Increasing access to dental care for children from birth to age 5 by increasing the capacity of clinics to serve as high-quality dental homes.
Increasing parents' and child care providers' awareness of the importance of oral health care for preschool children.
Developing a sustainable community dental home model system of care delivery.
UCLA and its collaborating organizations will use their expertise in pediatric oral health care and quality improvement; their existing relationships with child care providers; their experience in making resources and training available to parents and child care professionals; and their knowledge of systems and policy issues affecting financing and delivery of services to improve oral health care in participating communities over the course of the project.
The fundamental goal is to establish a prototype for sustainable, community-based systems that link and integrate local health care, child care, education and family-support program providers to furnish optimal oral health care for children from birth to age 5.
"Improving oral health and oral health care requires multifaceted efforts that effectively address the major determinants of health and disease; and that requires collaborative approaches that include but also go beyond delivering clinical services," said UCLA's Crall.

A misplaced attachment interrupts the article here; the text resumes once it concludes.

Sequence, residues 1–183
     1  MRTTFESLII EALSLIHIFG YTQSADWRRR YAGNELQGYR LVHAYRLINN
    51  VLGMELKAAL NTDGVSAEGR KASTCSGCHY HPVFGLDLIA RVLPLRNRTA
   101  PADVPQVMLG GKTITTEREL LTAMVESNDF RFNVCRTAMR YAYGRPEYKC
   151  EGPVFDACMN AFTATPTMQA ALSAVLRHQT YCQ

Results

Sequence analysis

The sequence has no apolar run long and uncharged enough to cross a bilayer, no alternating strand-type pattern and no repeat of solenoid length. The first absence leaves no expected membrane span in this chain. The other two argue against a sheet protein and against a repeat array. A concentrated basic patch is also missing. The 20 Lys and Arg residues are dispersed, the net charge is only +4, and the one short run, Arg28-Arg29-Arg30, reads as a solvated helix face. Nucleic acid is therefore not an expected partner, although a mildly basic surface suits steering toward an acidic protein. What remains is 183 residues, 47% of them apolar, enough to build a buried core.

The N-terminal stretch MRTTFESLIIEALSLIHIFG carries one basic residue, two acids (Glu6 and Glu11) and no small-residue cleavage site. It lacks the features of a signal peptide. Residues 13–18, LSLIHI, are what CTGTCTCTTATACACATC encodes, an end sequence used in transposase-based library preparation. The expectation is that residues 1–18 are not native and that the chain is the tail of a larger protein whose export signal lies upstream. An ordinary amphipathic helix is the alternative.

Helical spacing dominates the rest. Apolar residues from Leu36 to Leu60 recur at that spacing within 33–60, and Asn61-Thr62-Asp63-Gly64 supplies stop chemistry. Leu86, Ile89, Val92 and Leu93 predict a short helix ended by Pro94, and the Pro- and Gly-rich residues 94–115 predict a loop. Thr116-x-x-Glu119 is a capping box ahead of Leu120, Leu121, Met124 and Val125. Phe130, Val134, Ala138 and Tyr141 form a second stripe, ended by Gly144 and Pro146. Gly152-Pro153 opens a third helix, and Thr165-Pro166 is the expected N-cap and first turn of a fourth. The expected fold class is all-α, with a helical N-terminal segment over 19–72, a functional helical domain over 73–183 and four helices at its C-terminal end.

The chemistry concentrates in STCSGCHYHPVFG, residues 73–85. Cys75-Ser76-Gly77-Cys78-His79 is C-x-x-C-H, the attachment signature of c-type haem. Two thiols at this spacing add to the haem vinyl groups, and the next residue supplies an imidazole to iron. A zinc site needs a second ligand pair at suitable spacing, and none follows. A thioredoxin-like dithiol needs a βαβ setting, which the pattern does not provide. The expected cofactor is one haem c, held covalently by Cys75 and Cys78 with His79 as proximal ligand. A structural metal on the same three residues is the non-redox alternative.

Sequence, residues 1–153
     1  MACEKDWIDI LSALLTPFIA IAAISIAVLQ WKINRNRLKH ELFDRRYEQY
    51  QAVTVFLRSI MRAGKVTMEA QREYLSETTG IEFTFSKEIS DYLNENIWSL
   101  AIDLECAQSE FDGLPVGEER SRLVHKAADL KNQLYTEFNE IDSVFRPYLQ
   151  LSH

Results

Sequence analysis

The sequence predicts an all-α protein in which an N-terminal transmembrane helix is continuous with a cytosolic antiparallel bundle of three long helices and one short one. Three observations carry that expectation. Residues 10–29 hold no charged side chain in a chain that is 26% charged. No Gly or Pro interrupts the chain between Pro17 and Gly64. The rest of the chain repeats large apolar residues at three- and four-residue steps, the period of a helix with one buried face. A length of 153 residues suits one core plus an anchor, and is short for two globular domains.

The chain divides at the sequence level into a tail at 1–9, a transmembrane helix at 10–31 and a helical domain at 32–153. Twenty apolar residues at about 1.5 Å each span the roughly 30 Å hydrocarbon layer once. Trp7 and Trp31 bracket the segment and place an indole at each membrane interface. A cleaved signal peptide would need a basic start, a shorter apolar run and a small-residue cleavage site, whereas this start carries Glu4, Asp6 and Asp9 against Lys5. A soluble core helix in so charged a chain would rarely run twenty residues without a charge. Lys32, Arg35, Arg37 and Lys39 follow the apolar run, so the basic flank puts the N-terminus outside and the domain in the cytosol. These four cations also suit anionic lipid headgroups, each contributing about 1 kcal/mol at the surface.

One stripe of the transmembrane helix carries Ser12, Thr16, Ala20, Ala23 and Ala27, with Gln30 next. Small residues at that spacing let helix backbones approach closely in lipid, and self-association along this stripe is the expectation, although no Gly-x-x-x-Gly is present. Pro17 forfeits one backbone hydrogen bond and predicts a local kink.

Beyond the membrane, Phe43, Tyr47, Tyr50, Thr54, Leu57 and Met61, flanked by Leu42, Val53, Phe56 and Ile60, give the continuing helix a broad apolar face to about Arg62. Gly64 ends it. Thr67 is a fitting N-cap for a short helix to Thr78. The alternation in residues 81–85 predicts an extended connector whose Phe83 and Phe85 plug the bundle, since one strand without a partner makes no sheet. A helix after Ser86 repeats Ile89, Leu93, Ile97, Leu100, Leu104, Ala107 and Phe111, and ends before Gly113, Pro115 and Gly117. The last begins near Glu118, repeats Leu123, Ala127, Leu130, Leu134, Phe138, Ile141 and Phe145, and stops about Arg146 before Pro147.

In highlighting the importance of education and preventive dental care for infants and young children, the UCLA School of Dentistry team will work with its community-based partners to conduct community outreach activities and develop culturally appropriate, family-centered oral health curricula and training programs for child care workers and parents.
Innovative oral health resources include the Sesame Street "Healthy Teeth, Healthy Me" bilingual multimedia outreach resource kit, which features healthy habits and daily routines that promote oral health for young children, and the Sesame Street "Healthy Habits for Life" child care resource guide, which helps child care providers work with families and young children to establish an early foundation of healthy habits.